The concept of fotoLibra was to provide a platform for any photographer to make money selling his pictures. No tortuous submission procedure, no minimum upload, no “professionals only” barriers, no elitism — just raw market forces. Display and sell. And we provide all the advice and tools the photographer needs to achieve that aim. Jacqui Norman does an astounding job of advising, chivvying, helping, correcting, and pushing fotoLibra member photographers to make their images as saleable as possible. The web site and the Submission Guidelines are packed with information, advice, hints and tips.

Now our own Trade Association — the guys we pay to represent our interests — have announced that they are setting up in direct competition to us. Yvonne and I could not believe what we were hearing. Up went Yvonne’s hand. She was ignored. From personal experience I knew that was a bad move on BAPLA’s part — you ignore Yvonne at your peril. And indeed after the AGM she cornered the BAPLA President, the BAPLA Chairman and the BAPLA Director and subjected them to a withering blast. If they’d forgotten about fotoLibra — as they obviously had — then they were left in no doubt whatsoever that one section of their happy community was disaffected by news of the BAPLA Academy.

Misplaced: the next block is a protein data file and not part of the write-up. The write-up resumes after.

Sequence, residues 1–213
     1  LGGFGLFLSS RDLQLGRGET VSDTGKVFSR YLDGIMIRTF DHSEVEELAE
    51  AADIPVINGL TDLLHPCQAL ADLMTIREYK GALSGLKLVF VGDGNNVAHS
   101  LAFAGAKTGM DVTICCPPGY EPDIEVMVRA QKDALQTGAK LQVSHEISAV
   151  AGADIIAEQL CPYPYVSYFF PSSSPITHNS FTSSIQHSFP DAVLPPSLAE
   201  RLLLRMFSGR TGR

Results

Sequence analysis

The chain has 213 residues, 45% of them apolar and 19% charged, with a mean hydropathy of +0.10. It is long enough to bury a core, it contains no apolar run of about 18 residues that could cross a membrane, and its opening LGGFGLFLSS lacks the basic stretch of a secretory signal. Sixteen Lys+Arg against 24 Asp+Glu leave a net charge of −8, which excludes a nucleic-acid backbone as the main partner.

They attempted to placate us. The BAPLA Academy was no threat or competition to fotoLibra whatsoever. They’d trialled it with focus groups, and it wasn’t going to be a problem. But looking into their troubled eyes, we could see this was going to be a BIG problem. They simply hadn’t thought of us.

We’ve done this. We’ve sweated blood to set fotoLibra up and it has cost us a fortune. We know how hard it is. It’s a full time job for eight people. And there are only five of us. Without the help of a company like ours, a company that has already ploughed this unique furrow, BAPLA with its 2.5 staff and its capital derived entirely from member subscriptions is going to have a hell of a hard time running this Academy.

The BAPLA Academy will be directly competing for the subscriptions of the same photographers who supply fotoLibra with its top images. The same graduates, keen amateurs, semi-pros, wedding and studio photographers we work hard to attract, encourage and foster.

It’s not about print and mousemat sales versus rights sales, it’s about diverting a body of good, keen and potentially great photographers to ally with BAPLA rather than fotoLibra. That’s not BAPLA’s remit.

But if they’re determined to do it, then they should talk to us — once we’ve overcome our horror and dismay. We are better placed than any other organisation to help them.